Le Minh Hung
, who was elected last week as governor of the State Bank of Vietnam (SBV), will have to tackle a number of challenges to aid businesses and boost economic growth, which showed signs of stagnation in the first quarter of this year.
Pickup of Interest Rates
The very first hurdle for Mr. Le Minh Hung, the youngest of the cabinet members, lies in lowering interest rates which went up slightly in March and are poised to continue the uptrend toward the year-end.
According to Ho Chi Minh City Securities Corp (HSC
), among the leading brokerage houses in Vietnam, interest rates on dong-denominated deposits at the end of March edged up six basis points (bps) month-on-month to 6.02% per year on average while lending rates rose six bps to 9.42%.
Rates in Vietnam will be driven up by the global upturn led by the Fed’s rate hikes, a pickup in inflation at home and the revision of Circular 36 which requires banks to increase mobilization if they want to scale up lending, according to HSC.
“The pace of the rise in interest rates has been moderate so far. However, we expect the rise will gain momentum in the second half. Mobilization rates are likely to gain one percentage point this year,” the second-largest brokerage house on the Hochiminh Stock Exchange added.
The new SBV head should pay special attention to interest rates, said economist Tran Du Lich. “[He] needs to manage rates not to hike rates and run the forex
rate flexibly to buttress exports,” Mr. Lich added.
Sharing the same view, Bui Duc Thu, member of the National Assembly (NA)’s Budget and Finance Committee, said the SBV governor needed to keep interest rates stable. “Rising deposit rates will consequently result in an increase in lending rates. This will threaten local production and business, and the national economy.”
Resolving soured loans will be another challenge for the newly-elected SBV governor although system-wide non-performing loans (NPLs) are reported to have fallen to 2.55% at the end of 2015, lower than the 3% targeted by the government.
Many NA deputies and economists have argued that the volume of NPLs remains huge and the decline in the bad debt ratio has been due to unloading to SBV-run Vietnam Asset Management Company (VAMC).
VAMC has purchased more than $11 billion worth of troubled loans, but has recouped just 9% of the amount due mostly to legal obstacles.
“Most of NPLs have been transferred to VAMC, but yet to be dealt with radically. Bad debts, by nature, remain there,” said lawmaker Than Van Khoa.
Sharing the same view, Le Duc Thuy, a former SBV governor, commented that bad debt is seemingly no longer a problem. However, debt classification in Vietnam may not align with international practices.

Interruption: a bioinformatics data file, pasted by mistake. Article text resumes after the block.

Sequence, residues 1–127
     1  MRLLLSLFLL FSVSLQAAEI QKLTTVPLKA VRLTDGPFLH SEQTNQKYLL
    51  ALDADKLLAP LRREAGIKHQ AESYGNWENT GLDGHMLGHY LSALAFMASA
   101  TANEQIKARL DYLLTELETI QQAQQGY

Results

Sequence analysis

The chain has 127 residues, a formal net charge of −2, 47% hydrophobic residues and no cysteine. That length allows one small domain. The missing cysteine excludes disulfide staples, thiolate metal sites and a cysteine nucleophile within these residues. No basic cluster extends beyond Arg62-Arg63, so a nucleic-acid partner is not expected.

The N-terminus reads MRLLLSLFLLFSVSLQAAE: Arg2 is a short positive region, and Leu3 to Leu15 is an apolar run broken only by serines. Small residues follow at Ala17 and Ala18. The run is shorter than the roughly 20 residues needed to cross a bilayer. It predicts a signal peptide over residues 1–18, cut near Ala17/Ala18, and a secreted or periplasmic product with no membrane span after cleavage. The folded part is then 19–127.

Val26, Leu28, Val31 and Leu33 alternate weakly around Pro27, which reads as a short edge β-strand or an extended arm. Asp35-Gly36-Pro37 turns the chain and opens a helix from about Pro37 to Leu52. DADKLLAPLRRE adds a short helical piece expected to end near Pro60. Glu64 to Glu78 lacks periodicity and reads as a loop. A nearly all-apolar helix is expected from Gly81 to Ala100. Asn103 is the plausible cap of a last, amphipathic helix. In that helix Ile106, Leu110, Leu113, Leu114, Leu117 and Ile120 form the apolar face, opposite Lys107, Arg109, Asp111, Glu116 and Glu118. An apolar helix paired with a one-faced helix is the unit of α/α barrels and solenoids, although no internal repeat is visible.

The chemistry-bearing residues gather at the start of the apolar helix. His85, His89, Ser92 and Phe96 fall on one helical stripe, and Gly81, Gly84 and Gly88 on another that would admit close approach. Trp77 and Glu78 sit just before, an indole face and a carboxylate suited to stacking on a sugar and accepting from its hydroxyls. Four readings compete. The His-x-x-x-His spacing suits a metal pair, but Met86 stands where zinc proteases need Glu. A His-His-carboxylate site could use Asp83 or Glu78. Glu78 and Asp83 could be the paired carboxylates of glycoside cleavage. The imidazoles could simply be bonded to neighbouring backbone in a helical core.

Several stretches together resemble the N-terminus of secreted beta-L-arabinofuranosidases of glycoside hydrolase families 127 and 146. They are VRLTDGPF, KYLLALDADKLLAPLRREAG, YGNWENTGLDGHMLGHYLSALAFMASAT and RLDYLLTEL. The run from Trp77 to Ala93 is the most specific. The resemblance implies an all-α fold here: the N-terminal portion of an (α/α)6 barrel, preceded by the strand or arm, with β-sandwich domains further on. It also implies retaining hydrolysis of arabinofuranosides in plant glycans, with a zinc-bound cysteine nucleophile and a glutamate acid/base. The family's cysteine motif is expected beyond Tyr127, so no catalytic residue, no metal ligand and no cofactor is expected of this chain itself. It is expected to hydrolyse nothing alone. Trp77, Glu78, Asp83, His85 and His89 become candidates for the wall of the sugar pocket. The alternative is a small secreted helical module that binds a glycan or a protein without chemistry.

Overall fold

He suggested using state funds to help clean up bad debt.
“The reduction in NPLs is largely due to the recovery of credit growth and transfer of NPLs to VAMC. While banks are required to gradually provision against assets transferred to VAMC, the underlying credit and associated capital impairment risks have not been fully eliminated,” the World Bank noted in its latest report released on April 11.
Lawmaker Bui Duc Thu warned that the return of bad debt was obvious if there are no major measures to restructure credit structure, overhaul the economy and improve the nation’s economic competitiveness.
“Credit needs to be funneled to much needed sectors and be effective. Ensuring credit quality must be a priority of the monetary policy in the time to come,” he stressed, referring to alarming rise in loans for the real estate sector.
The SBV has been striving to reshuffle the overcrowded banking system through consolidation, mergers and acquisitions, and compulsory takeovers of ailing lenders.
“There has been progress in consolidating the banking sector through several mergers and acquisitions, but the target of reducing the total number of commercial banks to 15 to 17 by 2017 (from 34 currently) remains challenging,” said the World Bank.
The central bank last year took over three troubled banks namely Vietnam Construction Bank, OceanBank and GPBank at zero cost. It also approved the fusions between Sacombank and SouthernBank, BIDV and Mekong Housing Bank, and Maritime Bank and Mekong Development Bank.
Le Minh Hung is supposed to keep the foreign exchange rate and the gold market stable in the context of the Fed probably raising interest rates this year and China likely devaluing its currency further.
The SBV needs to build up a freer gold and forex market, said Nguyen Duc Thanh, director of the Vietnam Institute for Economic and Policy Research (VEPR).
“Hung was a deputy SBV governor and is experienced [in managing the monetary policy]. I hope Hung to continue the unfinished restructuring process of his predecessor,” said senior economist Tran Du Lich.